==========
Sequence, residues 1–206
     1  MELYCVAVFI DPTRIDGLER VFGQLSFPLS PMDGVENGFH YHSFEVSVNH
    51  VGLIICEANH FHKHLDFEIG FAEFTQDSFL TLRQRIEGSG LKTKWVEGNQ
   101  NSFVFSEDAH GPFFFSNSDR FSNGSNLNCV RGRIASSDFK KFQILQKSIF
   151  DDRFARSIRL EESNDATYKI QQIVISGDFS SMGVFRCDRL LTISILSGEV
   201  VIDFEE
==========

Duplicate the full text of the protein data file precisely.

Sequence, residues 1–206
     1  MELYCVAVFI DPTRIDGLER VFGQLSFPLS PMDGVENGFH YHSFEVSVNH
    51  VGLIICEANH FHKHLDFEIG FAEFTQDSFL TLRQRIEGSG LKTKWVEGNQ
   101  NSFVFSEDAH GPFFFSNSDR FSNGSNLNCV RGRIASSDFK KFQILQKSIF
   151  DDRFARSIRL EESNDATYKI QQIVISGDFS SMGVFRCDRL LTISILSGEV
   201  VIDFEE